I am also on the fence about this one.  Many parents have deficient counsel in termination proceedings, as many defendants do in criminal proceedings, and it is horribly unfair that someone would be forever separated from his child because of this. On the other hand, allowing relitigation of terminations can and will disrupt adoptive or other permanent families for many children.


Matthews Bark | “Four Tips to Becoming an Effective Divorce Attorney”

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By               :   Jeremy Hildebrand
Category   :   Matthews Bark
Posted By  :  Contact the Attorney General

Probably because of my military background, I am a huge believer in formalities and boundaries. Entering my career as an attorney, I saw a rigid line between acting in my capacity as an attorney and acting as a friend, a therapist, and a life coach for my clients.  I believed my job was solely to give answers to legal questions and advocate for my client in the legal system, not discuss my client’s anxiety, life goals, and failures with them. And then I took my first family law case.
There is a lot that a family law class in law school will not teach you, and I have learned a lot of lessons over the last few months about how to handle clients in domestic relations cases, mostly through abject failure and frustration. Every client is different and, in order to effectively communicate with them and settle a particular client’s divorce case, an attorney must enter the situation with a completely open mind. However, I have learned a few helpful tips since becoming licensed that can help with every case, whether the issue is communicating effectively with your client or trying to stay sane in the midst of a messy case.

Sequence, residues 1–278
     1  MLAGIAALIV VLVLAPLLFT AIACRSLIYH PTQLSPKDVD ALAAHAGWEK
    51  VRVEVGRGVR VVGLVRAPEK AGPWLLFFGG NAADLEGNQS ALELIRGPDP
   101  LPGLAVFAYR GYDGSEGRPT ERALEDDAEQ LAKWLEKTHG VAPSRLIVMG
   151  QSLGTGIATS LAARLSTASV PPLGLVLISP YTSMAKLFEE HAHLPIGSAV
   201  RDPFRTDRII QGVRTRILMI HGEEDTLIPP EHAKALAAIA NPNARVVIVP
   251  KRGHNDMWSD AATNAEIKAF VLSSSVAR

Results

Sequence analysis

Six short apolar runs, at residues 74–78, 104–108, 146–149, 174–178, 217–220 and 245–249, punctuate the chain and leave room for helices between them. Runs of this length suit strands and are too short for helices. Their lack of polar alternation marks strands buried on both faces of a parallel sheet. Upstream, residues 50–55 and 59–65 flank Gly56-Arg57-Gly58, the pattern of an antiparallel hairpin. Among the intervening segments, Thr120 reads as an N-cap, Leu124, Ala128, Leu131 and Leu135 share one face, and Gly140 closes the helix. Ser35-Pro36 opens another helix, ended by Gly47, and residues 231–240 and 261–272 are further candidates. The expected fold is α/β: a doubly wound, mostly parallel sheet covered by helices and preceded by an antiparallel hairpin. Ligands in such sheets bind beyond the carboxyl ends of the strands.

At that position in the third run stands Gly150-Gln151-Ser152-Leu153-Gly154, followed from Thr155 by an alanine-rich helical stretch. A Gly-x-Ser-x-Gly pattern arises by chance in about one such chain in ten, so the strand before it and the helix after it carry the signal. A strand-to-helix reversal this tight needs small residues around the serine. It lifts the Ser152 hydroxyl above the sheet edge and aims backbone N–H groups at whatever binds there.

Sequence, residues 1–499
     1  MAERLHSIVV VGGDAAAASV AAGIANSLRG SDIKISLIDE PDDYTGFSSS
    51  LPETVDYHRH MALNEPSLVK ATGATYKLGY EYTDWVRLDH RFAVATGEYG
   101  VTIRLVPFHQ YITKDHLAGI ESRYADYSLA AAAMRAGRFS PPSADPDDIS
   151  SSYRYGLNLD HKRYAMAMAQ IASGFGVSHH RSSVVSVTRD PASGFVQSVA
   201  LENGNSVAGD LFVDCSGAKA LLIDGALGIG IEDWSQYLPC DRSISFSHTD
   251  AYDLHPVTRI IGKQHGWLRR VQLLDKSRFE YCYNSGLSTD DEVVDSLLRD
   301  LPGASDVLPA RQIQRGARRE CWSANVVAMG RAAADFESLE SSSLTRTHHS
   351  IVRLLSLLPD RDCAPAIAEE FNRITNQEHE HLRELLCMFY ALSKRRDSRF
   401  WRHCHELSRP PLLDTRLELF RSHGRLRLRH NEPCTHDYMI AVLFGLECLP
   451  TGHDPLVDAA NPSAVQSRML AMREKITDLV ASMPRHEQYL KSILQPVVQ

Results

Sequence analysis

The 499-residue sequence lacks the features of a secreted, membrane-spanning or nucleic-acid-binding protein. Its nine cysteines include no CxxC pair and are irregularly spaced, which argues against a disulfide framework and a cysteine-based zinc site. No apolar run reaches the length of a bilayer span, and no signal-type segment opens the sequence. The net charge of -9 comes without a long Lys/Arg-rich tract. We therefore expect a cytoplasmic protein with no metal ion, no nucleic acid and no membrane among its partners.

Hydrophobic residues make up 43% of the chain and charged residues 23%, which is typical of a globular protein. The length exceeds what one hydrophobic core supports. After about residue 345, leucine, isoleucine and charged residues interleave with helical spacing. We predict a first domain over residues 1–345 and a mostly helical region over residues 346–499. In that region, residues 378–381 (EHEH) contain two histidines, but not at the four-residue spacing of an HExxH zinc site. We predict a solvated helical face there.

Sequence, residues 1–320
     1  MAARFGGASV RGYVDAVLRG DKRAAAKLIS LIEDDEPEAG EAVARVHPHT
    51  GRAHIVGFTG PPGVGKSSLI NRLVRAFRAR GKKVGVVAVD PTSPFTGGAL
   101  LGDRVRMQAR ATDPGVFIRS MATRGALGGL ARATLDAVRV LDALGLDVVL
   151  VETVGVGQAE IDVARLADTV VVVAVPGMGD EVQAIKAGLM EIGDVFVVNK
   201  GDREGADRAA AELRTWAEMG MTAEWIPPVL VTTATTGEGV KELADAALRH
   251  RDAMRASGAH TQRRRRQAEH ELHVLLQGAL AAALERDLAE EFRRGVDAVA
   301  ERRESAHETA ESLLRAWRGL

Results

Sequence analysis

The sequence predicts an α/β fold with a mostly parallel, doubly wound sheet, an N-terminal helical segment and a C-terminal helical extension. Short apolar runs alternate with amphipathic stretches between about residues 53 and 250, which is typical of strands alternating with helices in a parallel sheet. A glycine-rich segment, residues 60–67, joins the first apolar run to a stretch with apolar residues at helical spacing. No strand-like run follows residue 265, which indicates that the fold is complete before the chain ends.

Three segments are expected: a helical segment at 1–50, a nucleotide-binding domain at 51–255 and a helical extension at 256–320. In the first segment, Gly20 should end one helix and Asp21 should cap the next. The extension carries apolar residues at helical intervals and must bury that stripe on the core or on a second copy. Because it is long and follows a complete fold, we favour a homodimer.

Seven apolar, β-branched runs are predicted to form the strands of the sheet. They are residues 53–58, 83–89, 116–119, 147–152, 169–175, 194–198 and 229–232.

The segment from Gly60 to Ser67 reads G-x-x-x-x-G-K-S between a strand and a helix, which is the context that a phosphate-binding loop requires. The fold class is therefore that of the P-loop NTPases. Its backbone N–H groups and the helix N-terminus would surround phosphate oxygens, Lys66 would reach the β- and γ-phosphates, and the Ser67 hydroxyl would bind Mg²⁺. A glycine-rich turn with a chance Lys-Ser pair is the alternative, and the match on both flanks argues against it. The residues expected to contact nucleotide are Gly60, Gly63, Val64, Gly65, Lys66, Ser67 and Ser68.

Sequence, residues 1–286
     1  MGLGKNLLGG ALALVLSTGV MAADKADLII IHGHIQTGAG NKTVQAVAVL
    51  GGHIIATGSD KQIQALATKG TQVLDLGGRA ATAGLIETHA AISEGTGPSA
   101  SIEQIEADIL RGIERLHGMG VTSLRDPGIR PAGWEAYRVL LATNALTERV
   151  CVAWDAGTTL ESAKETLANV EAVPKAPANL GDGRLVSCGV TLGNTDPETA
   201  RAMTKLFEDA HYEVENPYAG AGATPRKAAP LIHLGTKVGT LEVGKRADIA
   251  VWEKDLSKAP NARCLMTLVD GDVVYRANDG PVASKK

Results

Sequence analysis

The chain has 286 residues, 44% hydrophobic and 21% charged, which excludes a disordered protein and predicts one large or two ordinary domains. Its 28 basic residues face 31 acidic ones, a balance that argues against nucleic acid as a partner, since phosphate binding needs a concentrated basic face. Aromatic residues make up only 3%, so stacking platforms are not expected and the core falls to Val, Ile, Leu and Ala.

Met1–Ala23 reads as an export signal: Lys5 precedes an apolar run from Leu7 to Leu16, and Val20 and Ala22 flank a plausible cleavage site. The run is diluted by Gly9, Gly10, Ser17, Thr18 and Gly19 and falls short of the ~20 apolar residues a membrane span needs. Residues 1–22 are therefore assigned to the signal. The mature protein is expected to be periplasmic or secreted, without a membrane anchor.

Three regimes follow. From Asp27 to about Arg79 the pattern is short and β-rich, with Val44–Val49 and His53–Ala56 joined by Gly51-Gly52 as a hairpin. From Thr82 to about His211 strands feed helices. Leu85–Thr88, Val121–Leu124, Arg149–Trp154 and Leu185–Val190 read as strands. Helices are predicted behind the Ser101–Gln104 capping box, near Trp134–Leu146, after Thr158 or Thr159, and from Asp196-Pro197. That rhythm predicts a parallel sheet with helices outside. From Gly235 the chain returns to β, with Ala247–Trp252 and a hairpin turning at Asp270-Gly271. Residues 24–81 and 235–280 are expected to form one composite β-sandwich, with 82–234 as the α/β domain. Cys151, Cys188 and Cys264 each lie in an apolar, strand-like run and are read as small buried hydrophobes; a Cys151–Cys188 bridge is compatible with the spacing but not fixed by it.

Have a proactive introductory package ready to send to the other party.

I know that those of you who have practiced family law for many years are probably astounded that this is something a young lawyer didn’t inherently know to do, but it is a very helpful strategy in getting the ball rolling with a divorce case, especially when dealing with a pro se party. I have learned that when I call an opposing party and leave a voicemail, it can be very intimidating and inhibit effective communication with that person because they are freaked out about lawyers being involved. However, when I send a warm letter explaining the process, asking if the other party is represented and presenting the case in a proactive and positive way, communication with the other party starts off on a good foot and generally stays that way.

Connect with other professionals who specialize in collateral issues.